22 hours ago Judge throws antivirus patents back to HellThe Register View Synopsis+1
Loss of two patents cripples case with Trend Micro, could slash Symantec payout
A US district court has torn the heart out of two patents wielded by Intellectual Ventures against two antivirus makers.
Cybersecurity legislation remains in a mess, with a mad dash to get it through risking serious problems.
Jesus Vigo goes over three ways to recover admin access (or prevent unauthorized access) to OS X-based devices.
OPINION: In his RSA 2015 keynote on national cybersecurity threats, Homeland Security head Jeh Johnson told an audience of cybsersecurity experts something so wildly impossible, it almost went unnoticed.
Technology can't replace the value of online safety education, the key to keeping kids out of predators' paths, panelists shared.
1 day ago Op-Ed: In defense of Tor routersArsTechnica View Synopsis+1
One InvizBox creator responds to assertion that Tor routers are "ridiculous."
1 day ago The Further Democratization of QUANTUMSchneier blog View Synopsis+1
From Data and Goliath:...when I was working with the Guardian on the Snowden documents, the one top-secret program the NSA desperately did not want us to expose was QUANTUM. This is the NSA's program for what is called packet injectionÂ -- basically, a technology that allows the agency to hack into computers. Turns out, though, that the NSA was not alone in its use of this technology. The Chinese government uses packet injection to attack computers. The cyberweapons manufacturer Hacking Team sells packet injection technology to any government willing to pay for it. Criminals use it. And there are hacker tools that give the capability to individuals as well. All of these existed before I wrote about QUANTUM. By using its knowledge to attack others rather than to build up the Internet's defenses, the NSA has worked to ensure that anyone can use packet injection to hack into computers.
And that's true. China's Great Cannon uses QUANTUM technology.
I continued:Even when technologies are developed inside the NSA, they don't remain exclusive for long. Today's top-secret programs become tomorrow's PhD theses and the next day's hacker tools.
I could have continued: ...and the next day's homework assignment.
Michalis Polychronakis at Stony Book has assigned building QUANTUM as a homework assignment. It's basically sniff, regexp match, swap sip/sport/dip/dport/syn/ack, set ack and push flags, and add the payload to create the malicious reply. Shouldn't take more than a few hours. Of course, it would take a lot more to make it as sophisticated and robust as what the NSA and China have at their disposal, but the moral is that we need to make the Internet secure against this kind of attack instead of pretending that only the "good guys" can use it effectively.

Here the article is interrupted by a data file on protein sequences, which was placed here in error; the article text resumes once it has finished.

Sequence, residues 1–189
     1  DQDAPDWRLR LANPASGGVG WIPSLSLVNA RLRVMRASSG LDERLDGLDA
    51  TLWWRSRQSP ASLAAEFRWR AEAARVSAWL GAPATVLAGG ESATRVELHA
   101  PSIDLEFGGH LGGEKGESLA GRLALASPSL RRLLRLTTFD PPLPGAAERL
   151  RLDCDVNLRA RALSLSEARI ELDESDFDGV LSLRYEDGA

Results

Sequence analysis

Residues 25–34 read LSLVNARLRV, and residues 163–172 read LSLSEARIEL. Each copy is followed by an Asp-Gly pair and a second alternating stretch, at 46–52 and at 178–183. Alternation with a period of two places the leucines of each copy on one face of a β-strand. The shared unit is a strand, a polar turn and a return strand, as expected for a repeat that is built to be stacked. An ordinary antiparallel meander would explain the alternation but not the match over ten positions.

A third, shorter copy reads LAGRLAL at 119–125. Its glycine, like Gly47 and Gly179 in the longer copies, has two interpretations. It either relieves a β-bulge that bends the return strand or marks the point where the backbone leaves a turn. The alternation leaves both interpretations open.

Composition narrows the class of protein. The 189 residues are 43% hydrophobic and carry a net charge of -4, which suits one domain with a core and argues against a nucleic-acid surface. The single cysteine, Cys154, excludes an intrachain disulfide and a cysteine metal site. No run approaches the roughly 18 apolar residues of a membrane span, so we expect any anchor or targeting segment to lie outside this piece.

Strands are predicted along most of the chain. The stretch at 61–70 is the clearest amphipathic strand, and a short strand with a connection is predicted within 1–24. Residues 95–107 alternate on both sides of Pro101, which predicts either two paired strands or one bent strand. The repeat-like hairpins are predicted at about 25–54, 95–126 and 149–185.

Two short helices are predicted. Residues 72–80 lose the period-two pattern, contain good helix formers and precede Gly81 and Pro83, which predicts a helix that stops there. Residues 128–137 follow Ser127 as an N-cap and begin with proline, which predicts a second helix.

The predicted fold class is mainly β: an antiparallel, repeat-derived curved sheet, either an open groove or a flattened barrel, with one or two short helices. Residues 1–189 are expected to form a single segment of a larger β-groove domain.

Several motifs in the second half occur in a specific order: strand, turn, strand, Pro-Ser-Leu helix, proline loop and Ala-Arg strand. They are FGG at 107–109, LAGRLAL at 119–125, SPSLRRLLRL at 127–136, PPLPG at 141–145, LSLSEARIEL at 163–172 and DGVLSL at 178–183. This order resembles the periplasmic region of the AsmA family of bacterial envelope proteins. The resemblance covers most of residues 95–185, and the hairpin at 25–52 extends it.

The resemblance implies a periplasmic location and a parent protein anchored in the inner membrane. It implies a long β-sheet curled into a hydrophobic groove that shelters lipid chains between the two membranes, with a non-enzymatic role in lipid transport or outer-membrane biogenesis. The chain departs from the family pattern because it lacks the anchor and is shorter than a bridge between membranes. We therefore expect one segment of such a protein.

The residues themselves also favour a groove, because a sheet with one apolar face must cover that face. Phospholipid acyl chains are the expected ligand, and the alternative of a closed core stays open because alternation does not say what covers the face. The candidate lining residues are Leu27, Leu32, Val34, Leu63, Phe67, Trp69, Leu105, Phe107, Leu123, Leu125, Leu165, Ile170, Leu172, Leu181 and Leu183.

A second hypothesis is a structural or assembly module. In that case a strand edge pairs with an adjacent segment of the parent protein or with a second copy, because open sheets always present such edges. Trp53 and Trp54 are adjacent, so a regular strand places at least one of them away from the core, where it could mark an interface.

End-to-end encryption is the solution. Nicholas Weaver wrote:The only self defense from all of the above is universal encryption. Universal encryption is difficult and expensive, but unfortunately necessary.
Encryption doesn't just keep our traffic safe from eavesdroppers, it protects us from attack. DNSSEC validation protects DNS from tampering, while SSL armors both email and web traffic.
There are many engineering and logistic difficulties involved in encrypting all traffic on the internet, but its one we must overcome if we are to defend ourselves from the entities that have weaponized the backbone.
Not knowing that a contractor's employee had access to system passwords is not a valid excuse when your client's records are stolen.
23 hours ago RSA Conference: Closing ThoughtsInfoRiskToday View Synopsis+1
ISMG Editors Share Final Insights on RSA Conference 2015This year's event was bigger than ever, overwhelming to take in, and no single challenge, strategy or solution emerged as a top priority - very much a reflection of today's information security marketplace.
San Francisco -- RSA Conference 2015 -- Examine the Ponemon Institute's '2014 Cost of Data Breach Study' and it becomes clear there is a vast difference in the costs of dealing with a data breach in different parts of the world.
When the U.S. Secretary of Defense Ashton Carter laid out the Pentagon's new cybersecurity strategy this week, few were expecting it to break news. And, indeed, his talk at Stanford's Hoover Institution on Thursday offered no surprises. But the secretary did set up an expectation during his speech on which he ultimately failed to deliver. […]
The post DoD's New 'Transparent' Policy on Cybersecurity Is Still Opaque appeared first on WIRED.
By Guest Blogger Vijay Krishna, CEO and founder of SysCloud
As regulations and laws becoming more and more complicated in almost all industries, companies are required to comply all corporate activities and transactions with regulations relating to their business practices. Among
It's very common these days for tech companies Google and Microsoft to offer hackers and security researchers big bucks if they're able to find security vulnerabilities that could pose serious threats to important software and services. Google in particular often hosts its own hacking competition whereÂ the search giant puts millions of dollarsÂ on the line for anyone savvy enough to skirt around Google's built-in security schemes. Recently, one security researcher found a number of high-level vulnerabilities on Groupon's website. Groupon promptly patched the security holes but, as it turns out, is refusingÂ to pay him. Here's why. DON'T MISS:Â Google Maps trolls Apple in the most unbelievably inappropriate way A security researcher who goes by the name BruteLogic recently uncovered upwards of 32
The services are slowly expanding their use of "psychometric" testing to help identify who is best suited to join the military's growing cyber force.......
When you don't differentiate between good and bad hackers, you have a problem.